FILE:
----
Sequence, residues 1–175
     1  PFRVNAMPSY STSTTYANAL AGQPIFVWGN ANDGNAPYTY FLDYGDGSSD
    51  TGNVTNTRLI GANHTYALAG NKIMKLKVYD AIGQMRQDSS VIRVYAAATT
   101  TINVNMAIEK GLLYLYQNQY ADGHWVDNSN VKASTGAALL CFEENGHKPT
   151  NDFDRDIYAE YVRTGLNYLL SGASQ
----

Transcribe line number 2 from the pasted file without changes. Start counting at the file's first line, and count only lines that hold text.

     1  PFRVNAMPSY STSTTYANAL AGQPIFVWGN ANDGNAPYTY FLDYGDGSSD